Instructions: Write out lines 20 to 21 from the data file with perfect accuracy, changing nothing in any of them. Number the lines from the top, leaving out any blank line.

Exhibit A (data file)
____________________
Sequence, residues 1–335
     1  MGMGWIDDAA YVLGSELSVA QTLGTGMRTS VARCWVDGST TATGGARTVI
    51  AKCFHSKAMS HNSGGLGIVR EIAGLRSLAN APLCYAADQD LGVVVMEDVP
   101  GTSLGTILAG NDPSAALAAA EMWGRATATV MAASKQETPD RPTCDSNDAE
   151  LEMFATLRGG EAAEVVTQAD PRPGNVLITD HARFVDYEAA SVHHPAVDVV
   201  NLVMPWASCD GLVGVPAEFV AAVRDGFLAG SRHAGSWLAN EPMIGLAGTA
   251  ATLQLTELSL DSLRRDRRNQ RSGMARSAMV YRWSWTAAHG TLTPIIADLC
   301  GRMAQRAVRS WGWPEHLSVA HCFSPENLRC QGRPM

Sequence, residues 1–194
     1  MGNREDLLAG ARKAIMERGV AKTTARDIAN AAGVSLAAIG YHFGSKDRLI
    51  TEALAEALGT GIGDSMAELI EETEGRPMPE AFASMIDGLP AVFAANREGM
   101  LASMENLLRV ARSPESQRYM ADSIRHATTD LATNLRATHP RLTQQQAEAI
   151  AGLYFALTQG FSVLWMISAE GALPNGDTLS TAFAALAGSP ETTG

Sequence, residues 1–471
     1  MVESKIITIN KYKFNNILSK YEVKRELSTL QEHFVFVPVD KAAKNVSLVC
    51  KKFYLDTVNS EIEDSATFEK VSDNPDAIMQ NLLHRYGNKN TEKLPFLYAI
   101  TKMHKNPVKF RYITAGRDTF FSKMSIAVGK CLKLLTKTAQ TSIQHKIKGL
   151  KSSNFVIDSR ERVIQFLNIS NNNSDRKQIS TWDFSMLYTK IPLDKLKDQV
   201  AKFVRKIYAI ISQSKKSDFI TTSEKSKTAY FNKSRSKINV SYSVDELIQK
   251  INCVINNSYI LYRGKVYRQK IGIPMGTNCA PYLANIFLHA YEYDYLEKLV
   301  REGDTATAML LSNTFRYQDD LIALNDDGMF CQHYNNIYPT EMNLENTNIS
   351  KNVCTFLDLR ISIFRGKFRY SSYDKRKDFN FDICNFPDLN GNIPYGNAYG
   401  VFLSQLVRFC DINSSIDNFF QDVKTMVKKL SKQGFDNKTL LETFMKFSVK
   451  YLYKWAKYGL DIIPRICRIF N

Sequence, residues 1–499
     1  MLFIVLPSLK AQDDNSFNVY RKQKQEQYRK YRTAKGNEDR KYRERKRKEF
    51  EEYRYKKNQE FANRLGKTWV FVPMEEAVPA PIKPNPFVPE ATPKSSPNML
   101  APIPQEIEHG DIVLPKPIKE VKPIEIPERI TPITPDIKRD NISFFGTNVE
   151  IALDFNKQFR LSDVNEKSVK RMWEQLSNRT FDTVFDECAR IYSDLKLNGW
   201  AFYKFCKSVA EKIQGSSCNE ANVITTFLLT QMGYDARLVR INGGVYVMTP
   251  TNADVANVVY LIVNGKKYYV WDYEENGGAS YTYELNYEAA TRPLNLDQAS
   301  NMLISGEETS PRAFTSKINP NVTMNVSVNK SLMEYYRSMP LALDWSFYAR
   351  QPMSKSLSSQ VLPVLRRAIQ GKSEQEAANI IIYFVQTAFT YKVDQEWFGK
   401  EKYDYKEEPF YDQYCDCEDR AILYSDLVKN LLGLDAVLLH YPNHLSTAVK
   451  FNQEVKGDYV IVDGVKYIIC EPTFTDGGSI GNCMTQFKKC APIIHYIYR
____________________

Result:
   251  INCVINNSYI LYRGKVYRQK IGIPMGTNCA PYLANIFLHA YEYDYLEKLV
   301  REGDTATAML LSNTFRYQDD LIALNDDGMF CQHYNNIYPT EMNLENTNIS